‘State of border can’t be delinked from state of relationship with China’: Jaishankar

Days ahead of an expected meeting with his Chinese counterpart Wang Yi, external affairs minister S Jaishankar said on Monday that the standoff on the Line of Actual Control (LAC) cannot be delinked from the overall bilateral relationship.

Jaishankar, who is set to meet Wang on the margins of a Shanghai Cooperation Organisation (SCO) foreign ministers’ meeting in Moscow on September 10, said the failure to observe several understandings on border management dating back to 1993 raises “very important questions” about the status of ties with China.

“If peace and tranquillity on the border is not a given, then it cannot be that the rest of the relationship continues on the same basis, because clearly peace and tranquillity is the basis for the relationship,” he said while participating in an online interaction organised by The Indian Express newspaper to mark the release of his book ‘The India Way’.

Jaishankar declined to go into details of exactly what he would discuss with his Chinese counterpart but said his position would be built around certain broad principles, including how peace and tranquillity on the border over the past 30 years had allowed the rest of the relationship to progress. During this period, China had emerged as India’s second largest trade partner despite the existence of some differences and problems, he noted.

He emphasised that “the state of the border cannot be delinked from the state of the relationship”, and the standoff had brought into focus a number of understandings with China on border management which go back to 1993, he said. These understandings stipulate that both countries will keep forces at a minimum level at the border and also shape the behaviour of the troops and restraints on them, he added.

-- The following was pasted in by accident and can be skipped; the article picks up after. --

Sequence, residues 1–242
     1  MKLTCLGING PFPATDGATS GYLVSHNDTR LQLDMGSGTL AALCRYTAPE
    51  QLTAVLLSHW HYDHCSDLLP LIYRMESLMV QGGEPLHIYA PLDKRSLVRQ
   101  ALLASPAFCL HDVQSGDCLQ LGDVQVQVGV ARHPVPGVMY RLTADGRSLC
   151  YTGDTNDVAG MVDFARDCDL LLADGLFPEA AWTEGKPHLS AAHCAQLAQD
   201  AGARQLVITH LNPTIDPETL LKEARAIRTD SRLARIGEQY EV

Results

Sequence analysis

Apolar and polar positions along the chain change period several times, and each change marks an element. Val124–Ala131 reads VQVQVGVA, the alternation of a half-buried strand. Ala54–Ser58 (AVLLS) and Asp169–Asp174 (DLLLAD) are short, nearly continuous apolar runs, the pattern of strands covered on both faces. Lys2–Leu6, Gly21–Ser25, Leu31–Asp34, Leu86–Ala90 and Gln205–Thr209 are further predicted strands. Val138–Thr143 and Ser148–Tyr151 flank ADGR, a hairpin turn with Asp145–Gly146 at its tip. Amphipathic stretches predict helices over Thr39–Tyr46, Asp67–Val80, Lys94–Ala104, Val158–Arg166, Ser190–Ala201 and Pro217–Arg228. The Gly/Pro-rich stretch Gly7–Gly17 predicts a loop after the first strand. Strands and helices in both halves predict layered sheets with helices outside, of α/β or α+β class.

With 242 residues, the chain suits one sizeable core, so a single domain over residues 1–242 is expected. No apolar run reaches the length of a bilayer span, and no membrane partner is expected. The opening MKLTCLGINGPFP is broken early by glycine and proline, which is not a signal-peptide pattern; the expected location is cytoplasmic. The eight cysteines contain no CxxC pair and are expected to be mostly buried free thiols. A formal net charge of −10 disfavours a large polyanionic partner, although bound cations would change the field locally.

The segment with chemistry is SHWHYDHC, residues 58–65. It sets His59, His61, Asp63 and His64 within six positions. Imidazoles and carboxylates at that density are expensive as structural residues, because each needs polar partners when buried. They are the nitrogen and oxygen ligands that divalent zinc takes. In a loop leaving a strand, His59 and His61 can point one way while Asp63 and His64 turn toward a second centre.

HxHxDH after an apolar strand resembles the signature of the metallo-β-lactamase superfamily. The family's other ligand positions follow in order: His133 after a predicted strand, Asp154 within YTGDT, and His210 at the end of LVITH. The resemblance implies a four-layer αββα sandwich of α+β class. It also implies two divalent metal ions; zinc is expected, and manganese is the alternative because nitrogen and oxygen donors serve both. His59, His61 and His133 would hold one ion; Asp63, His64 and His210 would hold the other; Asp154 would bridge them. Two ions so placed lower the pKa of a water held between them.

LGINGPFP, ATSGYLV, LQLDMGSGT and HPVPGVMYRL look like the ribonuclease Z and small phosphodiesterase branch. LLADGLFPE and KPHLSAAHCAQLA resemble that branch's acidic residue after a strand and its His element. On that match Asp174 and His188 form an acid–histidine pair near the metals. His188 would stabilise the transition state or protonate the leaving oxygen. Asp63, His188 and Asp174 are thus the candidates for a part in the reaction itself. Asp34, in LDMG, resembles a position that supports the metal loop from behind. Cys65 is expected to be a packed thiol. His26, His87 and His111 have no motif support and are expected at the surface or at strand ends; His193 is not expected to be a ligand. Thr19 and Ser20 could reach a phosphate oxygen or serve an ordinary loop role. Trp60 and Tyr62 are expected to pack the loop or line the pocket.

“If these [understandings] are not observed, then it raises very, very important questions,” Jaishankar said. The “very serious situation” at the LAC since the beginning of May calls for “very deep conversations between the two sides at a political level”, he added.

Jaishankar will meet Wang less than a week after a meeting between the defence ministers of the two countries on the sidelines of the SCO defence ministers’ meet in Moscow. That meeting was unable to take the troubled disengagement process forward, and several rounds of political and diplomatic talks too haven’t produced results.

Acknowledging the existing problems, competition and “difficult recent history” between India and China, Jaishankar dismissed the contention that New Delhi had misread Beijing’s intentions. He pointed to the two informal summits that were held after an understanding was reached in June 2017 and said these meetings had focused on issues of sovereignty, security, connectivity and economy after the leaders felt the need to engage directly.

These conversations had also focused on “how to find accommodation”, he said.

Jaishankar also acknowledged that both sides will now maintain their positions and the key issue is to reach an understanding on disengagement. “I have a very practical issue right now, which is an issue of disengagement and de-escalation,” he said.

He said he had left the issue of the future relationship with China open-ended in his book. “India and China must try to find mutual accommodation because their ability to do that will determine [whether this is an] Asian century or not,” he said.

Jaishankar also spoke on other issues such as Brexit, the Covid-19 crisis and the stalled relationship with Pakistan, saying this wasn’t a question of “zero diplomacy”. Given Pakistan’s “attachment to cross-border terrorism”, it would be wrong for New Delhi to allow Islamabad to set the agenda and pace for talks, he said.

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